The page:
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scare Line breaks: scare

Definition of scare in English:

verb

[with object]
1Cause great fear or nervousness in; frighten: the rapid questions were designed to scare her into blurting out the truth
More example sentences
  • A brave businesswoman who is scared stiff of sharks is set to take the charity plunge into a tank full of the fearsome fish.
  • Some are scared stiff of losing their work, others are pressured by family members not to complain.
  • But the upper class is scared stiff of his rise, and plots to foil his attempts through fraud.
Synonyms
frighten, make afraid, make fearful, make nervous, panic, throw into a panic;
terrify, petrify, scare/frighten to death, scare/frighten someone out of their wits, scare stiff, scare witless, scare/frighten the living daylights out of, scare/frighten the life out of, scare the hell out of, strike terror into, fill with fear, put the fear of God into, make someone jump (out of their skin), make someone's hair stand on end, give someone goose pimples, make someone's blood run cold, chill someone's blood, send into a cold sweat, make someone shake in their shoes;
startle, alarm, give someone a fright, give someone a turn;
shock, appal, horrify;
intimidate, daunt, unnerve
informalgive someone the heebie-jeebies, scare the pants off, scarify, make someone's hair curl
British informalthrow into a blue funk, put the wind up
North American informalspook
vulgar slangscare shitless, scare the shit out of
archaicfright, affright
1.1 [with object and adverbial] Drive or keep (someone) away by frightening them: the ugly scenes scared the holiday crowds away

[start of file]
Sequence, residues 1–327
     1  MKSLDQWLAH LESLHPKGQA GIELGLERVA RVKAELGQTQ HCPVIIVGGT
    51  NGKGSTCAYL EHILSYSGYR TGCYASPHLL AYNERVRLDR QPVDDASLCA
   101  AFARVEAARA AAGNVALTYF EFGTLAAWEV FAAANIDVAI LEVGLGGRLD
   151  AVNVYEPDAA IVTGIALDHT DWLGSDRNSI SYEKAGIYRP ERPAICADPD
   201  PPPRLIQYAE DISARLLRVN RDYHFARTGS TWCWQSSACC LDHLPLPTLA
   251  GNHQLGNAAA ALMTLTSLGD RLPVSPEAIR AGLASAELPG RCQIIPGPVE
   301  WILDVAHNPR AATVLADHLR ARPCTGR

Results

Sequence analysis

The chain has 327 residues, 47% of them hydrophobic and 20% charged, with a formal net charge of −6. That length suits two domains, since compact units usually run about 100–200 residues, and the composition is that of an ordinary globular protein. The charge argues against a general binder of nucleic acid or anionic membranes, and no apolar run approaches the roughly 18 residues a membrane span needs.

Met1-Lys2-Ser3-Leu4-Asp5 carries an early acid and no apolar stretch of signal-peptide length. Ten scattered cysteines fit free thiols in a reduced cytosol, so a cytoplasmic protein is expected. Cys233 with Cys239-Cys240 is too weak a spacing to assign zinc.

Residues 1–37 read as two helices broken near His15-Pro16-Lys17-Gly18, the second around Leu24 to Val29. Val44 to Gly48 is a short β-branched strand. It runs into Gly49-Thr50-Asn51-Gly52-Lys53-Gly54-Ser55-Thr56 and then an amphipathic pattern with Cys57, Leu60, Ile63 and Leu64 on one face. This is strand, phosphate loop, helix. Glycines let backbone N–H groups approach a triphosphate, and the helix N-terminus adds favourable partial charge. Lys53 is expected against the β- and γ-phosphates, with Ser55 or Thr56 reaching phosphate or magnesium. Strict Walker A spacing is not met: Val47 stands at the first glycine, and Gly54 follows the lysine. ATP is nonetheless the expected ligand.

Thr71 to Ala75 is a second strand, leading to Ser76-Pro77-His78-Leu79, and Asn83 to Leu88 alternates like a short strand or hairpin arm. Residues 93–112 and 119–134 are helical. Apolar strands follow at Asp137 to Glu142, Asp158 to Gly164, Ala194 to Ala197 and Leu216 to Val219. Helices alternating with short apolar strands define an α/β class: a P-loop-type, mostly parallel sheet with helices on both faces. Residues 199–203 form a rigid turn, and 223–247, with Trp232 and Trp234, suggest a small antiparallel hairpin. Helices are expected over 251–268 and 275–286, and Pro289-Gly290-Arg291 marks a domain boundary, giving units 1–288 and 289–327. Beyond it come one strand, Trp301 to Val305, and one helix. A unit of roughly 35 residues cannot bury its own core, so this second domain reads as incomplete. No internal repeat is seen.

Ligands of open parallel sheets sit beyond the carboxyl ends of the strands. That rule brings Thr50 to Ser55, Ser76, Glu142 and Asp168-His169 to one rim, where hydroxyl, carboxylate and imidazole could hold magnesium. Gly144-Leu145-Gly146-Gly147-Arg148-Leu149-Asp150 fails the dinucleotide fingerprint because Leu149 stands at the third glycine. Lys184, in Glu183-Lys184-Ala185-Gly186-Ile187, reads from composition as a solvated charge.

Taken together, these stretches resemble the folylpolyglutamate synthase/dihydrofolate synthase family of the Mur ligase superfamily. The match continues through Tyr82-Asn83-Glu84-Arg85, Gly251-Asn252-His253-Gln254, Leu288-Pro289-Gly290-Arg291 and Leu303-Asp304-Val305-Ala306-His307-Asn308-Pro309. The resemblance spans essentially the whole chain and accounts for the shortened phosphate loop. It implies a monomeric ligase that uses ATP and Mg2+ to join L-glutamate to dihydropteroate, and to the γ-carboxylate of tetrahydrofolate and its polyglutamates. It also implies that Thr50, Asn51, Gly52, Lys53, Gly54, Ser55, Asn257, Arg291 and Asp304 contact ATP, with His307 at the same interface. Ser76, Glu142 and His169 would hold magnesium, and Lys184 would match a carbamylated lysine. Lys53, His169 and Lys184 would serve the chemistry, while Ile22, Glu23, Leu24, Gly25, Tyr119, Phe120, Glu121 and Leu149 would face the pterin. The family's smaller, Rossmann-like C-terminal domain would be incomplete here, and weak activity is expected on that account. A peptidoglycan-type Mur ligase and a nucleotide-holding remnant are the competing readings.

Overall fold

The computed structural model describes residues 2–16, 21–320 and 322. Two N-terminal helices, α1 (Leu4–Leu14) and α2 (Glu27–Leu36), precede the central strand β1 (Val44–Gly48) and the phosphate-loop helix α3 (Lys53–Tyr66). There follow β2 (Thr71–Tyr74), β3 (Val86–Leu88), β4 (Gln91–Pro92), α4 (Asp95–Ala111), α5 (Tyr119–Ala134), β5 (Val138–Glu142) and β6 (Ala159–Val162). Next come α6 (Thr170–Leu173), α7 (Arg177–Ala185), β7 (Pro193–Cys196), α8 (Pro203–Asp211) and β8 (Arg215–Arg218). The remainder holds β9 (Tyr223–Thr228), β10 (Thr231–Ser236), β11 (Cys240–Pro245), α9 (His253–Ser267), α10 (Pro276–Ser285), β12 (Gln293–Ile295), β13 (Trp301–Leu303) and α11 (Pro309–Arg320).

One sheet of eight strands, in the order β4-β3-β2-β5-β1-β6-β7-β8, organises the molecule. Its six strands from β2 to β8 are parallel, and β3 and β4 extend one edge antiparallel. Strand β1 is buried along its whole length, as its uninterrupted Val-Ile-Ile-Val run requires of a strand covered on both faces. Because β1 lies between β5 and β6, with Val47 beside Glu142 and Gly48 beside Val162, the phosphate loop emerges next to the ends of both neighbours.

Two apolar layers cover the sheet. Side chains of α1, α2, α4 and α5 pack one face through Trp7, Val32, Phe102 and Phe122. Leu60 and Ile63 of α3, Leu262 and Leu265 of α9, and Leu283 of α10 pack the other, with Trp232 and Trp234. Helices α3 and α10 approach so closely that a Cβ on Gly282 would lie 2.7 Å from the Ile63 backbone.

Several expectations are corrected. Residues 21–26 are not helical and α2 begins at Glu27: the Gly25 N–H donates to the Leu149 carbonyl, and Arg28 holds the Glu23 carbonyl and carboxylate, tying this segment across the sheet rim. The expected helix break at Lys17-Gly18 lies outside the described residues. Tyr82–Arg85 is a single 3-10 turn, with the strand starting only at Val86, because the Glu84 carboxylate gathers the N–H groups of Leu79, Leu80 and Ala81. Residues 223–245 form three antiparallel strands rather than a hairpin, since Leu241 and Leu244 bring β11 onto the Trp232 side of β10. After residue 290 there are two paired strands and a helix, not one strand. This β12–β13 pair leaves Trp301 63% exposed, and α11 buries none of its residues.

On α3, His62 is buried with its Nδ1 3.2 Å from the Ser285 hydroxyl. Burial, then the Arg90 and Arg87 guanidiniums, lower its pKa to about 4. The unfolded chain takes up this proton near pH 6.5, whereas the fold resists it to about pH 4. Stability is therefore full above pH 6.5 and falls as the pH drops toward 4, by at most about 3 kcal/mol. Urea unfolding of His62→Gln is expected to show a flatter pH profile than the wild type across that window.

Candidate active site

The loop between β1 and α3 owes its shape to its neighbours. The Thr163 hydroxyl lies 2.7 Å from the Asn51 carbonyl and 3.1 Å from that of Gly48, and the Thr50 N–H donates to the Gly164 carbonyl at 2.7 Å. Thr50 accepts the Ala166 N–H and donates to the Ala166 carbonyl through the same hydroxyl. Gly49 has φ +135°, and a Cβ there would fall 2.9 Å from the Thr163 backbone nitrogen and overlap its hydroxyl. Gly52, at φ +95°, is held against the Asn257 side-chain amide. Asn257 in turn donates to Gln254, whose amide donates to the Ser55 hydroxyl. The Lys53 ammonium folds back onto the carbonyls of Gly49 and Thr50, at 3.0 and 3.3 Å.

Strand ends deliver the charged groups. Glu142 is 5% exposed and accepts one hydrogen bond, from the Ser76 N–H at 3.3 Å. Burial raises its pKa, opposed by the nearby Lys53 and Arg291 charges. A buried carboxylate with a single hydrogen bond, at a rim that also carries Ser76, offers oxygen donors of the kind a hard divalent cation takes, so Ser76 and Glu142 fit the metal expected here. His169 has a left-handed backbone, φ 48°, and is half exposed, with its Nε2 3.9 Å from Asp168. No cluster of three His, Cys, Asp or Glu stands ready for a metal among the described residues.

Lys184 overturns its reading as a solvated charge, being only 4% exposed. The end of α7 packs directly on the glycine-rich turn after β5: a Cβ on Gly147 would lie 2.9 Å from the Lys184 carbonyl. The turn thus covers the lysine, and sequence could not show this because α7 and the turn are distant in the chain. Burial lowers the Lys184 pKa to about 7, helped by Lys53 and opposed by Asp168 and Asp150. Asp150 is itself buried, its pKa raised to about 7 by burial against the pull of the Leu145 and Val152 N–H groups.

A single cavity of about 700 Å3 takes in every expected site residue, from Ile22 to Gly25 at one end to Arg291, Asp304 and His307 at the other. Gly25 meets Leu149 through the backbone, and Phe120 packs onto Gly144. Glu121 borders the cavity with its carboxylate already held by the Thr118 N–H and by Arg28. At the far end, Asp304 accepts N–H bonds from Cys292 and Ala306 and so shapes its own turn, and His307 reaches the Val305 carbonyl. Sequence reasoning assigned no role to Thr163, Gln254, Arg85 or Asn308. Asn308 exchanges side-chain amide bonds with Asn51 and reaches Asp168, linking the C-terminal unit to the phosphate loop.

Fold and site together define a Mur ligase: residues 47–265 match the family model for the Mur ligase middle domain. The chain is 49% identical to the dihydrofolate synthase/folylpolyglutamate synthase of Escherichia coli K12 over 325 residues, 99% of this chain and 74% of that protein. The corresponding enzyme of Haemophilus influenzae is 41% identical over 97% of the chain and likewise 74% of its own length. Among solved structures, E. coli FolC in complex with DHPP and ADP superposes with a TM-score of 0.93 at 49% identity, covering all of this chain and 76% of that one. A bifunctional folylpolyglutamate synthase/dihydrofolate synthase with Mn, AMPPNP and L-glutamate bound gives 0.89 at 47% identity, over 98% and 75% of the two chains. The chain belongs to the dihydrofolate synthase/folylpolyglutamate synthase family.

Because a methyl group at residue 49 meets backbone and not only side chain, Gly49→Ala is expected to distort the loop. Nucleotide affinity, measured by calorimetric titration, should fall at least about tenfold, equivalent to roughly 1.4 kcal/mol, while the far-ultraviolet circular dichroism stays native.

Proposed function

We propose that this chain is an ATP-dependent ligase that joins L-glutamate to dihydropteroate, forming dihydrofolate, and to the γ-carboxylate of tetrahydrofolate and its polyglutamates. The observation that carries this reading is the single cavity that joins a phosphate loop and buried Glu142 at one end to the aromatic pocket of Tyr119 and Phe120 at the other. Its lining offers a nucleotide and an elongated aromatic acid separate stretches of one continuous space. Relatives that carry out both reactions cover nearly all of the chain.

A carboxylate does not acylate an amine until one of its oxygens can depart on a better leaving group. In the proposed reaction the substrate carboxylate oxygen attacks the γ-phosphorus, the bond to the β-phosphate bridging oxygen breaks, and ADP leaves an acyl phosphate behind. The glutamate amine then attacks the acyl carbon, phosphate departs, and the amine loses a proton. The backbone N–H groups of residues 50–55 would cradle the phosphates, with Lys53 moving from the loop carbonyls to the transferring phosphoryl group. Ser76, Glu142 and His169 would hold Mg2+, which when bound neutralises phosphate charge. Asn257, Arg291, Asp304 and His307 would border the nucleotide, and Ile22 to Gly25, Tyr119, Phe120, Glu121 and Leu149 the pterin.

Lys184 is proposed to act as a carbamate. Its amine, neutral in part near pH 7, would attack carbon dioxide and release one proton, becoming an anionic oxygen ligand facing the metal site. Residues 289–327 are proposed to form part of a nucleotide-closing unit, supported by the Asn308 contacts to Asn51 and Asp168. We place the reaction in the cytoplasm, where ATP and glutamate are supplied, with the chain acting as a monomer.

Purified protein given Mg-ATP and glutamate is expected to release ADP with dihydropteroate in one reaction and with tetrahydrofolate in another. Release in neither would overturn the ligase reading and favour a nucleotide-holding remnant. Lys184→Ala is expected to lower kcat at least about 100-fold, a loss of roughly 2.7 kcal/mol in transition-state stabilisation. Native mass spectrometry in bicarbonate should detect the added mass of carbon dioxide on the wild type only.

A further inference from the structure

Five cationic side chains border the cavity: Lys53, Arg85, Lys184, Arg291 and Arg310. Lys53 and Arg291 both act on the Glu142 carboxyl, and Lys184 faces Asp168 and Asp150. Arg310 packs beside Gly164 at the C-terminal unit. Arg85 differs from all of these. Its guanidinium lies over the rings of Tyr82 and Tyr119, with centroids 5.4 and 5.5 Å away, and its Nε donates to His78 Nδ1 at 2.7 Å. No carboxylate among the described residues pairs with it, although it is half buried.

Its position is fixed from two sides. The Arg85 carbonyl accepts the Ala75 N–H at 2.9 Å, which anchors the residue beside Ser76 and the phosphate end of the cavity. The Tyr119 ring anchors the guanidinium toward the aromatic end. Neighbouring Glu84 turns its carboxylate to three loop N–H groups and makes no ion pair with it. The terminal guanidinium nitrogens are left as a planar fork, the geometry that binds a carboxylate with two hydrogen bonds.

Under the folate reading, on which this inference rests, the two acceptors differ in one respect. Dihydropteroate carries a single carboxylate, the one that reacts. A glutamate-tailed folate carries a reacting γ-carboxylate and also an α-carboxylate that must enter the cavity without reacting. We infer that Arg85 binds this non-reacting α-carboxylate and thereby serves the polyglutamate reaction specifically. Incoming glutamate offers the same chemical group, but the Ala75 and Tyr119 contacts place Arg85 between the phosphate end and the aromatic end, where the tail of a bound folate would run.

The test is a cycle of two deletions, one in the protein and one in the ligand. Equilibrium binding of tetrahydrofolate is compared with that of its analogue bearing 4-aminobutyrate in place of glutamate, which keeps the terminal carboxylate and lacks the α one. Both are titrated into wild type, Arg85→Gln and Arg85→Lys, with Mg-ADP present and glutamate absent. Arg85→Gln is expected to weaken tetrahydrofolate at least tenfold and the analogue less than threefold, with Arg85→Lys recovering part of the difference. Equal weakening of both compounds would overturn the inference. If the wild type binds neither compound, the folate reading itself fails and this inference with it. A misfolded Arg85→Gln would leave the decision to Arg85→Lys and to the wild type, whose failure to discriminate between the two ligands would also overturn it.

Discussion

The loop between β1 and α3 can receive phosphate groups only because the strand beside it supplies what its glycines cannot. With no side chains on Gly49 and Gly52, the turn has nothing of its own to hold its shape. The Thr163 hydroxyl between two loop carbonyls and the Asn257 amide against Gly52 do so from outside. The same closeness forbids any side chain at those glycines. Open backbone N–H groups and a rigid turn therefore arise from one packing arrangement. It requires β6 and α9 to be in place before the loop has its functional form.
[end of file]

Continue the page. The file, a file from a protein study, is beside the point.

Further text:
More example sentences
  • I'd wanted it to scare him off, send him fleeing back to wherever he'd come from.
  • I think their behaviour has been scaring people away from the lagoon.
  • Party sources believe the campaign is aimed at scaring people away from transferring votes to the party and harming their chances of success just weeks before the election.
1.2 [no object] Become scared: I don’t think I scare easily
More example sentences
  • But these are committed professionals who don't scare easily.
  • At 74, Browning has lived through more presidential campaigns than she cares to remember and she claims not to scare easily.
  • Mr Mooring, who served with the Eighth Army and saw action at El-Alamein, does not scare easily.

noun

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1A sudden attack of fright: gosh, that gave me a scare!
More example sentences
  • Megan immediately halted and leaned on the pole tip for support, gulping in air after the sudden scare.
  • Ivory's head snapped up to look him straight in the eyes, her face now a pale sheet of white from the sudden scare.
  • Which reminds me to mention a word of caution when managing cows around calving time, there is nothing like a good scare to make one realise the dangers of attack.
Synonyms